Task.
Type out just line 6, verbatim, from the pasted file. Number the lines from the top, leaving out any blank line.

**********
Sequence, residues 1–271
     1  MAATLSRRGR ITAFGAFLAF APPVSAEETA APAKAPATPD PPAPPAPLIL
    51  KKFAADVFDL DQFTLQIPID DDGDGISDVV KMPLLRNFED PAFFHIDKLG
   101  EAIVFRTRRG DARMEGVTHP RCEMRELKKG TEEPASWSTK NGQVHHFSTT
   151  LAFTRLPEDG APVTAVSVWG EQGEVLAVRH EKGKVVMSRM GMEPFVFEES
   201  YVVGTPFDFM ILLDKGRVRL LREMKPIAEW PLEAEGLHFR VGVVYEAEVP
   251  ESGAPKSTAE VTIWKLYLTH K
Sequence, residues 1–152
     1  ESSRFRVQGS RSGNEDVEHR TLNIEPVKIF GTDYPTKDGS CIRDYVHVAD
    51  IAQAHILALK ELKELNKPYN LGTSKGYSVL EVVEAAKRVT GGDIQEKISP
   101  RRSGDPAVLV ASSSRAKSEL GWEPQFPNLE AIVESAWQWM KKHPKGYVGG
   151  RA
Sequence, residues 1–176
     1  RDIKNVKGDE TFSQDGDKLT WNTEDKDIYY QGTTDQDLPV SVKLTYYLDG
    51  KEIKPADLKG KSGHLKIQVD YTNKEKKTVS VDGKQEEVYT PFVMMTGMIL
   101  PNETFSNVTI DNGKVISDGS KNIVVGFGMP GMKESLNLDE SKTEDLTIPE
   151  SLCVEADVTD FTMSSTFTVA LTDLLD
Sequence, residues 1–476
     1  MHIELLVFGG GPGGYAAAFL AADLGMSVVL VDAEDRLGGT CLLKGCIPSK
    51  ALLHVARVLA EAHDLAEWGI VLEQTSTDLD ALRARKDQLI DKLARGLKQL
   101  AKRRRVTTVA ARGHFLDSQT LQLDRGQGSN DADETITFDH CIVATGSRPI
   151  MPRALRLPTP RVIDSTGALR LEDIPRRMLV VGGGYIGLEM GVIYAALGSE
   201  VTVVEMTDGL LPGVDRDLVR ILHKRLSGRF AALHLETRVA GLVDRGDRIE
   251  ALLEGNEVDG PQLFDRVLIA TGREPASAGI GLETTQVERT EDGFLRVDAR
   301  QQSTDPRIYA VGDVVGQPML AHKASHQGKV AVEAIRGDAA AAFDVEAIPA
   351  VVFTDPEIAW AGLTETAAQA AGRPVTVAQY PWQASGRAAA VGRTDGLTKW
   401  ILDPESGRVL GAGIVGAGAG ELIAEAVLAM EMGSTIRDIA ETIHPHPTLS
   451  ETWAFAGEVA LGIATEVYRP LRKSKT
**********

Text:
   201  YVVGTPFDFM ILLDKGRVRL LREMKPIAEW PLEAEGLHFR VGVVYEAEVP